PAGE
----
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by Frank Kneeland

Frank Kneeland was the manager of the largest progressive video poker team in Las Vegas back in the 90's, and has authored a book about his adventures entitled, "The Secret World of Video Poker Progressives". The book is part history and part "how to", and should be perfect for out-and-out beginners and veterans alike. You can get the book as well as some extra info about Kneeland on his website You can listen to his new radio show in Las Vegas "Gambling With an Edge" (Bob Dancer co-hosts) at 7PM Thursday nights on KLAV Talk-Radio 1230am, or listen streaming at Archived shows will be posted at: Weekly prizes will be given away, so listening live is better.

Editorís Note: Frank takes a break from his series on how to get the edge playing progressive video poker machines with this article on who the "house" (i.e., casino) really is.

If it were not possible to beat the house by entering into a game of chance in which you had the odds in your favor, then indeed it would not be possible for the house to beat you, because that is exactly how they do itóby gambling with the odds in their favor. ~FK 2009

"The House always has the edge." "Casinos weren't built by winners." How many times have we heard statements like these? I would venture to guess quite a few. The logic goes like this: If all the players in a casino were winning, there would be no casinos; therefore, everyone in a casino must lose. This is a logical fallacy (Affirming the consequent) pure and simple. It is true that if all the patrons of a casino won money, the business would be non-viable, but it completely ignores the possibility of exceptions. To operate at a profit the House must make money from its aggregate players, but it need not make money from every single one of them. If, out of 1000 people, 999 were losing a thousand and one was winning a thousand, the House would still net $998,000 profit, more than enough to keep the lights on. Moreover, who is this "House" person anyway? Is it Peter Laurie's character on TV? And why does it/he always have the edge? It it/he infallible?

The House is a casino. A casino is a building, and in that building are people. What kind of people? You know, the people kind; folks with jobs, pets, children, VCR's, collections of high-heeled shoes they rarely wear (men & women), old dusty Barry Manilow records they can no longer play, photo albums they never show to anyone, spoiled food in the refrigerator, etc... Just people. Comments like, "The House always wins" would seem to imply that somehow these people in the gaming industry have managed to side step the natural imperfections with which the rest of us are born. Perhaps people believe in some dark hidden class in a dank cellar, trained by the Illuminati in the ultimate secrets of life, casino personnel have attained faultlessness. If so, we should immediately offer them an increase in salary, replace our all too flawed politicians, and put their infallible skills to work fixing our economy. No, I'm afraid these are just people with no more insight into life's mysteries than those running our government or reading this article. The House is not a who or a what. It's just peopleóand they certainly aren't from Bizarro Whoville where to ere isn't human.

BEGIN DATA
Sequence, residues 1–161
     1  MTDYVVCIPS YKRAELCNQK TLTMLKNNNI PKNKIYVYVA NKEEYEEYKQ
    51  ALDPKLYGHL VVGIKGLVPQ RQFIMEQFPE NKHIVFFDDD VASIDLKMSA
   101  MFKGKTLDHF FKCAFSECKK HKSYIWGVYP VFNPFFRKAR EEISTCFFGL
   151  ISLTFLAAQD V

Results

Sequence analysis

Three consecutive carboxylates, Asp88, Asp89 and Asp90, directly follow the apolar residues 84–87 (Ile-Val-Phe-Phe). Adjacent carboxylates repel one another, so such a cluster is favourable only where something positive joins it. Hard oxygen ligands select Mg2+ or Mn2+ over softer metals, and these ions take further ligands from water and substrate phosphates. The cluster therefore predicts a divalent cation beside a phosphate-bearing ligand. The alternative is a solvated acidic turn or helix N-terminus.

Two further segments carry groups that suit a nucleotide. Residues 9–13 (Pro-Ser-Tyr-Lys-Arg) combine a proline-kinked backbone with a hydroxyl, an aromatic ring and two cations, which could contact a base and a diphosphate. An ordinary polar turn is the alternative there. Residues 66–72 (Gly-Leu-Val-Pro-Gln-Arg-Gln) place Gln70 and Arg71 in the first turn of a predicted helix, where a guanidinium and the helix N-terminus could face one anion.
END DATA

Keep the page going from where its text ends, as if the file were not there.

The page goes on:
I'm sure you've head the expression, "the grass is always greener on the other side of the fence." I believe the metaphor at work here is, "The grass is greener and the people are clearly smarter on the other side of the wall." Because the general populace is not privy to what happens behind the closed doors of a casino, they assume the worst (or in this case the best). Well, I've been on the other side of that wall a few times and I can confirm the grass is greener; however, the people are smoking it. With what I know of casinos' inner workings, it's not that they mess up that amazes me, it's that they get anything right.

Now for some revelations: To score a position as a marketing director of a major casino you have to really know your stuff. It might interest you to know what that stuff is. Usually, itís a degree in Marketing and Public Relations. How these degrees are supposed to prepare people for creating casino promotions, which logic tells us would require probability math as a prerequisite, is beyond me. Well, beyond them actually. In the more enlightened casinos, marketing directors often enlist the aid of people working in their sports books to help them fine-tune their promotions, convinced their mathematicians clad in statistical armor can fight the good fight. Of course, using statistics in video poker is bringing a knife to a gunfight and their knightly champions usually go down after the first volley. Would it surprise you to know that there is no particular class or degree that teaches video poker math at all? It simply isn't taught. The only thing they have going for them is quantity over quality. Even in a small casino, there are often many people in the decision making chain. Each one has a chance to catch an error, even if the dynamics a chain of command promotes often makes the whole less than the sum of its parts...nobody likes to tell the boss he dropped a decimal place.

This is but one example of the many holes in the collective psyche of casino management and helps to explain why errors are the rule and not the exception. Show me a casino executive who's never made a mistake and I'll show you one who isn't doing his or her job.

I'm sorry to burst your bubble, but the House is not a "who" and it certainly isn't a perfect who. If you believed Hollywood's version, I should probably take the time to mention that cops don't catch every single murderer either, they're glad if they can solve 50% of violent crimes.

~Of course: If youíre not failing regularly, youíre not trying hard enough.

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